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As 401(k) hardship withdrawals spike, employers weigh emergency savings benefits



Dive Brief:

  • The number of 401(k) participants taking hardship distributions increased 36% year over year, Bank of America said Aug. 8.
  • Still, contributions remained steady and average balances are up, the bank said.
  • The data tells two stories, Lorna Sabbia, the organization’s head of retirement and personal wealth solutions, said in a statement: “one of balance growth, optimism from younger employees and maintaining contributions, contrasted with a trend of increased plan withdrawals.” It shows the employees are understandably prioritizing short-term expenses over long-term saving at the moment, she said.

Dive Insight:

Bank of America’s report comes as plan sponsors weigh a new option to offer workers in-plan emergency savings accounts.

With the Secure 2.0 Act, Congress made non-highly compensated employees eligible for such benefits, in plan years beginning after Dec. 31, 2023, consulting firm Mercer explained in a report. Withdrawals from the accounts will have fewer restrictions than those from 401(k)s.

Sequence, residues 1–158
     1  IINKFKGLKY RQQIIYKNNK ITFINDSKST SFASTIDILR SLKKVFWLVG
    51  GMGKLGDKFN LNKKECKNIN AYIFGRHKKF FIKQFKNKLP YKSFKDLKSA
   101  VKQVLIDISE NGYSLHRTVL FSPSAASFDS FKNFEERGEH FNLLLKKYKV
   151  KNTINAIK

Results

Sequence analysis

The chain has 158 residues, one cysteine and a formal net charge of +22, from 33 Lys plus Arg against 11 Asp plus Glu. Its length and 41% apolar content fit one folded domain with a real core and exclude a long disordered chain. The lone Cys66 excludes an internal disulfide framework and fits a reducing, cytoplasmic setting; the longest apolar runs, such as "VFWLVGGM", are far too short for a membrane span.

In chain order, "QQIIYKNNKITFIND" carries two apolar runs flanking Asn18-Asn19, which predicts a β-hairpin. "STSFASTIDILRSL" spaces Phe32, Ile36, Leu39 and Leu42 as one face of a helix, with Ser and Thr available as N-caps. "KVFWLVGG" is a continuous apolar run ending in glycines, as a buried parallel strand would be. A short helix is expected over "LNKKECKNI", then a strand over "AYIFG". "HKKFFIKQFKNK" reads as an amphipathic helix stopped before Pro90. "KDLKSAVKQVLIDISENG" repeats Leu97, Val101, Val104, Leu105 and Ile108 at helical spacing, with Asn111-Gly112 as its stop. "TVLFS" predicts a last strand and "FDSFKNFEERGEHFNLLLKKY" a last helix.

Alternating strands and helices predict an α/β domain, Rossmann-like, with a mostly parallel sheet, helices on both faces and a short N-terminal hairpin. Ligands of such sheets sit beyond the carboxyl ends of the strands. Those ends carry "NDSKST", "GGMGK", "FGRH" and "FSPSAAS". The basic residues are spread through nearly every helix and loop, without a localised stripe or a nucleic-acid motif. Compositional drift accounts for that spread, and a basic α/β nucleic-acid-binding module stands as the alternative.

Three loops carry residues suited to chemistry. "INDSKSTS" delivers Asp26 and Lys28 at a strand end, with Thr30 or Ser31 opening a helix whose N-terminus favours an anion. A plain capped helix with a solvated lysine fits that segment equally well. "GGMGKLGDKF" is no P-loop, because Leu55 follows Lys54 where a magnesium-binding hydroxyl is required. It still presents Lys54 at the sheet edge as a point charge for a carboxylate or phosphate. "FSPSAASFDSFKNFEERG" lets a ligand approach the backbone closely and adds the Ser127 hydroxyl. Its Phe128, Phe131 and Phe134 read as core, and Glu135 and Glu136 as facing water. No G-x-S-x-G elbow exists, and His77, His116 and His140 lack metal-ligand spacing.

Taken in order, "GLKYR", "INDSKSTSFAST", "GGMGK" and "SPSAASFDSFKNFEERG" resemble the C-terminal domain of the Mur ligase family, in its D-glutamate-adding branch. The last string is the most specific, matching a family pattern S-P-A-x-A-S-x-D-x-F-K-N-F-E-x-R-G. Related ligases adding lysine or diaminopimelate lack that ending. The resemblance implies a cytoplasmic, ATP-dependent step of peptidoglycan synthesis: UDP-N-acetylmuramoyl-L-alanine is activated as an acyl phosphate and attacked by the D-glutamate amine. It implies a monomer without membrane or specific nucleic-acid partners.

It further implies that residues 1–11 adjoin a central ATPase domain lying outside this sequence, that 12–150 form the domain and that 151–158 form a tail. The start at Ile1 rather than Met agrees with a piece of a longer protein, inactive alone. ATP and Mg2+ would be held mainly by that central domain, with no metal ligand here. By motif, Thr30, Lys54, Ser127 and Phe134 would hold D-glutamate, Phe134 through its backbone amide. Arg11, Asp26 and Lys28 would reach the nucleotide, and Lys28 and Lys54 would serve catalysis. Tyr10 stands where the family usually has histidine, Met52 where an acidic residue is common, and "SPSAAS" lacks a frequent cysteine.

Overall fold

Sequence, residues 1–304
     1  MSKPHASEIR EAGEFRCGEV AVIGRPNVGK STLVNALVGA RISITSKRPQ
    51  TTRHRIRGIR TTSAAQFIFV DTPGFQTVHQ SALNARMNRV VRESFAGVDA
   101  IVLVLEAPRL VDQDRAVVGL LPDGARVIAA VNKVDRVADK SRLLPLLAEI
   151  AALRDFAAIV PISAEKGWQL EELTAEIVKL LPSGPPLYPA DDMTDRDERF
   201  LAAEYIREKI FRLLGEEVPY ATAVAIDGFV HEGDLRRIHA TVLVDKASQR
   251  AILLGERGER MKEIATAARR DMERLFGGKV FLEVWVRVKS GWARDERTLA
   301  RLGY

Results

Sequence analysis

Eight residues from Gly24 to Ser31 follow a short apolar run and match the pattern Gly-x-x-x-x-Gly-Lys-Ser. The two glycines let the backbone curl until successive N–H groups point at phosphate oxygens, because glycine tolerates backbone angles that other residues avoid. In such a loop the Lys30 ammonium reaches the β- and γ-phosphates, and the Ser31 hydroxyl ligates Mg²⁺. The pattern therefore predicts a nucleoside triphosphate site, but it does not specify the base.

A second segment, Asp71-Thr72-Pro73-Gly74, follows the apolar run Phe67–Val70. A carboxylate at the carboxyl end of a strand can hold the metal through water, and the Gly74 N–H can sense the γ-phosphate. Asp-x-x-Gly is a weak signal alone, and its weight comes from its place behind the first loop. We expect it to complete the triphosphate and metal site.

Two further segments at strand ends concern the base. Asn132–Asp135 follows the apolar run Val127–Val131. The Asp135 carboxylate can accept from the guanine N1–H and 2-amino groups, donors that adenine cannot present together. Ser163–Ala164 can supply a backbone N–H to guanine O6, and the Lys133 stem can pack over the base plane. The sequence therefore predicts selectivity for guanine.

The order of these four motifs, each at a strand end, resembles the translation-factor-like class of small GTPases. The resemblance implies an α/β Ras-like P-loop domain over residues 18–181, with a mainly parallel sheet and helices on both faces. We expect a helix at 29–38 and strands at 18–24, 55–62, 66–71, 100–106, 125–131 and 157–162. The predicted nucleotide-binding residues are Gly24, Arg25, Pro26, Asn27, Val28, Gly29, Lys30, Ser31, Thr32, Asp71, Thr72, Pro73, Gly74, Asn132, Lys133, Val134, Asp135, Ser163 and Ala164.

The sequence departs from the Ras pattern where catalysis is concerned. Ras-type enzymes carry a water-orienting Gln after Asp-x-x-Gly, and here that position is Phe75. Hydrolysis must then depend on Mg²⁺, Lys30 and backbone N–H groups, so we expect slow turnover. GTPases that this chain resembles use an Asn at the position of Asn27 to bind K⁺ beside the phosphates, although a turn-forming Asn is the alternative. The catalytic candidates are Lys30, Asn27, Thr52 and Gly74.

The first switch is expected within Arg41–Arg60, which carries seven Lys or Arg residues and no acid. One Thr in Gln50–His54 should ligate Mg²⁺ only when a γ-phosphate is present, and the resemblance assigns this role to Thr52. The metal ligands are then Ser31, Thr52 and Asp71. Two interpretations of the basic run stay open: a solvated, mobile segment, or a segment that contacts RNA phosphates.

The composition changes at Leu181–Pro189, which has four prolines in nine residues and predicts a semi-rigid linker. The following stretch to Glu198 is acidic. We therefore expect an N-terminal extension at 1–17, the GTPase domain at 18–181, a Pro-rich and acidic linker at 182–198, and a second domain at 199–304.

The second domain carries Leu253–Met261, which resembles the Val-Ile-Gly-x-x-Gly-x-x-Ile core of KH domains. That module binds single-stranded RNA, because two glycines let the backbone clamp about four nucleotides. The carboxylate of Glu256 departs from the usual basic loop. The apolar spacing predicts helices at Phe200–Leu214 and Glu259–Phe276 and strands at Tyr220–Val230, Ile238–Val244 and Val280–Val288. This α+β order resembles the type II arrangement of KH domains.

The shift comes after workers made it clear they want additional financial support from employers — support that goes beyond a raise.

Employees seem to be seeking a sense of financial security and stability, research shows. Many of those responding to a recent survey said they lack enough money for retirement. And in another survey, respondents said employers could offer financial wellness benefits and education to help mitigate that issue.

Earlier this year, HR pros said they’re doing just that. Nearly half of respondents to HR Dive’s annual survey said retirement benefits or contributions were part of their talent acquisition strategies. That offering saw the highest increase among a variety of total rewards package components; only 35% said retirement benefits or contributions were part of their recruiting strategy the previous year.

Employers will, of course, have to weigh costs. But one source previously told HR Dive that benefits that convey empathy, and that are truly meaningful, can help an employer differentiate itself in the job market.

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